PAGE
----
Lesson Opening (15)
- The lesson opens with a discussion of the standards and where this particular skill fits into the yearly plan.
- The lesson progresses with pretend money, which ties into earlier lessons on money and rounding. A child volunteer is given $5 and then one dollar at a time is taken from him or her. After all $5 are gone, the question is raised whether more money can still be taken. The idea of negative numbers and the concept of a number line are thus introduced.
- Other examples of negative numbers are discussed, such as items lost, temperatures below zero and depth below the surface. Students will be asked to share additional ideas.
Guided Practice (20)
- I will then progress to the number line, and talk about the comparison of negative numbers and positive numbers. I will explain that a positive is always bigger than a negative, and I will remind them how to determine which of two positive numbers are bigger. The difficult part will be the explanation of how you tell which of two negative numbers is biggest.
- For this, I plan to return to the idea of being in debt, and explain that someone who owes $10 has less money than someone who owes $5. This idea can also explained through other real life examples: for instance, if you lose ten items, you have less than someone who has five.
- For further explanation of this idea, we will return to the number line and discuss how you can compare two numbers (on the same side of the zero) by looking to see which one is farther away from zero. For negative numbers, the farther away you are from zero, the smaller you are.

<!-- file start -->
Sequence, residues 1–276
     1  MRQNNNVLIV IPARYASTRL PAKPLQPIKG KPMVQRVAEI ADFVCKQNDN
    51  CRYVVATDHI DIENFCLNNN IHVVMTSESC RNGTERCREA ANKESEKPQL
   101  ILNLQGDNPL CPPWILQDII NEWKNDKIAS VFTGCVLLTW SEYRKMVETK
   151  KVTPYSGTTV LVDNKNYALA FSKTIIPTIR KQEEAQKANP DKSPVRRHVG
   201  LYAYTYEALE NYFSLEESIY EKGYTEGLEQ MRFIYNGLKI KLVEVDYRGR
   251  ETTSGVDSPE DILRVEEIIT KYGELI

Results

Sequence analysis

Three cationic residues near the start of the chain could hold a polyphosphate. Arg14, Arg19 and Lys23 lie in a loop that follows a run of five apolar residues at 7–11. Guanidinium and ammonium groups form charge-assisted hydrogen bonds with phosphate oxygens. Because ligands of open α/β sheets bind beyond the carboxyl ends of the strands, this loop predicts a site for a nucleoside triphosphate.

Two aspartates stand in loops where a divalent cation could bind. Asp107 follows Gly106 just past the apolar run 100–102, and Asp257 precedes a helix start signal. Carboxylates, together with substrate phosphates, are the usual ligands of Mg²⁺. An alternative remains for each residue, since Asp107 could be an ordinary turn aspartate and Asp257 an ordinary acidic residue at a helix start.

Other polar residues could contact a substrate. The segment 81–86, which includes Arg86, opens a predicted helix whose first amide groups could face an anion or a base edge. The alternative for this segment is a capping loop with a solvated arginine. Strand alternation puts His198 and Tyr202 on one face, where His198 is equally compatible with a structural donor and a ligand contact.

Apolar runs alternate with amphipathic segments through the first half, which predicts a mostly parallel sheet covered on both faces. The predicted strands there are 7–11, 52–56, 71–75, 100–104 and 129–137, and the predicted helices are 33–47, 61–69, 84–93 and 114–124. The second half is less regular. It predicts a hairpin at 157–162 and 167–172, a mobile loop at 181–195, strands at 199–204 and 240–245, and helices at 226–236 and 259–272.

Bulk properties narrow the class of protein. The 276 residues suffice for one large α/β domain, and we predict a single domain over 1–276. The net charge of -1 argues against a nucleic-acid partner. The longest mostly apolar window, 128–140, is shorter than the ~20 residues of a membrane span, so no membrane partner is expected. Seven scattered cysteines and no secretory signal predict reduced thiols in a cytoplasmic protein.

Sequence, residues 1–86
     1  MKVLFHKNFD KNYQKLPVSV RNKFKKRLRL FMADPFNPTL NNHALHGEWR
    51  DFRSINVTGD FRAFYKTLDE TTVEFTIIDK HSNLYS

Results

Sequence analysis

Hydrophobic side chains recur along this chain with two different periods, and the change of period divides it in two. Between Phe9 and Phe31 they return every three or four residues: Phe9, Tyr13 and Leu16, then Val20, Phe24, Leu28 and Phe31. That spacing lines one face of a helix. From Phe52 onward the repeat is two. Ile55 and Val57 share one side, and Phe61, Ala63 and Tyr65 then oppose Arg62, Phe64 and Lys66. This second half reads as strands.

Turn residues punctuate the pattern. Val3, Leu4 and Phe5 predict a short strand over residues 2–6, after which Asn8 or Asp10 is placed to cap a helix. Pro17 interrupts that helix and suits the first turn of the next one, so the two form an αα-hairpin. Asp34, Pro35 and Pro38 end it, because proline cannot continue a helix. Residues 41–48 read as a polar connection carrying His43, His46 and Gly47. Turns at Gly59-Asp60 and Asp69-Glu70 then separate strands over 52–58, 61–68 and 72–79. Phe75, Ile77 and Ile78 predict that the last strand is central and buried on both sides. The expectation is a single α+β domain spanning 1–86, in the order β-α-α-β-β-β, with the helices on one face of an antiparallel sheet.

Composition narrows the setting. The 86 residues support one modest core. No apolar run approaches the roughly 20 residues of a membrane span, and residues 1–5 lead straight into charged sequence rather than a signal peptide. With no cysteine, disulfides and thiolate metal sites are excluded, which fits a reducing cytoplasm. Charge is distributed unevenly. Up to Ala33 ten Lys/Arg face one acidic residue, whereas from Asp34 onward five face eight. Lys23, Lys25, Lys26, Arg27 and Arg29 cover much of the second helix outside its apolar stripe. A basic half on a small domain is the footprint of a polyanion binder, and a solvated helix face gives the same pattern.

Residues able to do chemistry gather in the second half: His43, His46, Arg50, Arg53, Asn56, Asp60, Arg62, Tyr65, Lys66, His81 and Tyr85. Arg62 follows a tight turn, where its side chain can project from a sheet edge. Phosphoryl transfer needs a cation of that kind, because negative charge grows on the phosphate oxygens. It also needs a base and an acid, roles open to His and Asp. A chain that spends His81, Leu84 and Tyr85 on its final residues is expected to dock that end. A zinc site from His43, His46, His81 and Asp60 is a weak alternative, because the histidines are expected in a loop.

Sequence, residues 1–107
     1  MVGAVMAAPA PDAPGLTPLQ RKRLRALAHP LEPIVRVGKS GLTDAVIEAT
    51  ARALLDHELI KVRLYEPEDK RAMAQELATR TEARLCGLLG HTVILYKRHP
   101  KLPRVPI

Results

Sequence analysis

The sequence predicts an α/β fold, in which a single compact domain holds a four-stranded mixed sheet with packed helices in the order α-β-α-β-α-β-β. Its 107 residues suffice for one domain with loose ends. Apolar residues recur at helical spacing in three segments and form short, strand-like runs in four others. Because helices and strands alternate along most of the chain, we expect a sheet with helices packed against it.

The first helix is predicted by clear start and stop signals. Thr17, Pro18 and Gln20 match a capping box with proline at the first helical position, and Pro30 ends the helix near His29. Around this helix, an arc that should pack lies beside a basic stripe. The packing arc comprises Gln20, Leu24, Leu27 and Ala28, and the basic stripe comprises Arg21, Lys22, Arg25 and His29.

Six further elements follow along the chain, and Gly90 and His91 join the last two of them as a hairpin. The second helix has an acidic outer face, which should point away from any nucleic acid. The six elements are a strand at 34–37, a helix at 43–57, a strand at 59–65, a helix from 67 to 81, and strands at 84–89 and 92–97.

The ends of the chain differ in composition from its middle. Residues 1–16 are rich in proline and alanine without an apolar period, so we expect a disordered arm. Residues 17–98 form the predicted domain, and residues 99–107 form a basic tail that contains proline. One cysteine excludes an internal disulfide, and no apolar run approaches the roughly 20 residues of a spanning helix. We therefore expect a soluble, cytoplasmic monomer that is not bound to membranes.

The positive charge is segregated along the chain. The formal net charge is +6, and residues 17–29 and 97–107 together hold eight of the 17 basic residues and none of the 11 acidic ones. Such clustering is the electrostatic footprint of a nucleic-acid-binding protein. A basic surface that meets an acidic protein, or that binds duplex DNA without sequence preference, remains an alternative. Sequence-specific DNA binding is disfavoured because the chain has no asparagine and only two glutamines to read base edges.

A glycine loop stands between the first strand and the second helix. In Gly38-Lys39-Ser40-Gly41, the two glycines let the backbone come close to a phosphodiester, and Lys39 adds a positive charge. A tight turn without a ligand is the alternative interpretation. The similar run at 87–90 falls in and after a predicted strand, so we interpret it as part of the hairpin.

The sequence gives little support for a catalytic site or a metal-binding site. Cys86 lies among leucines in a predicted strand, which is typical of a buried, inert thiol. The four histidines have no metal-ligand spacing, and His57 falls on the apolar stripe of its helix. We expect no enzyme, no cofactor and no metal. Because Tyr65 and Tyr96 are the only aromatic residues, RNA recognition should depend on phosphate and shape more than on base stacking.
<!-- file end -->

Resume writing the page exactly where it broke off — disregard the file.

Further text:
- The textbook problems under Try It (p. 24 1-3) and 4-9 will be written on chart paper. Students will discuss the answers with their tables, and then share with everyone. They will be attempting to turn words and phrases into negative and positive numbers.
Independent Practice (20)
- Students will do textbook problems 10 – 19 with their table teams. The class stoplight will be moved from red to yellow (allowing partner interaction). They will be given ten minutes on the timer to finish. Teammates are expected to help one another. Those who finish early will complete extra assignments. The extra assignment will involved problem solving skills. If there is time, these problems will be discussed as well.
- I will hover from each of the four tables, offering instruction where necessary. This format allows me an excellent opportunity to informally assess my students, because it is often easy to tell how well a student is doing by his or her interaction with the students who are helping him.
- When the ten minutes are finished, the answers will be revealed and students will grade their own papers. They will be expected to write the answer on the top of their papers in the form of a fraction. This is one of two ways the students will be formally assessed and one of three formats for overall assessment.
Daily Quiz (3)
- A one question daily quiz will be written on the board. The students will answer the quiz on their quiz sheets. This is the second formal assessment that will take place.
- Homework will be distributed. Number lines that the students can take home with them will also be given out. The students will be reminded how useful a tangible or mental number line can be.
5. How will success in meeting these goals be determined?
Each student will be informally assessed by his or her ability to complete the assignment with his or her team. Formal assessment will be in the form of each child’s score on the assignment, as graded by him or herself and by the daily one question quiz, as graded by the teacher.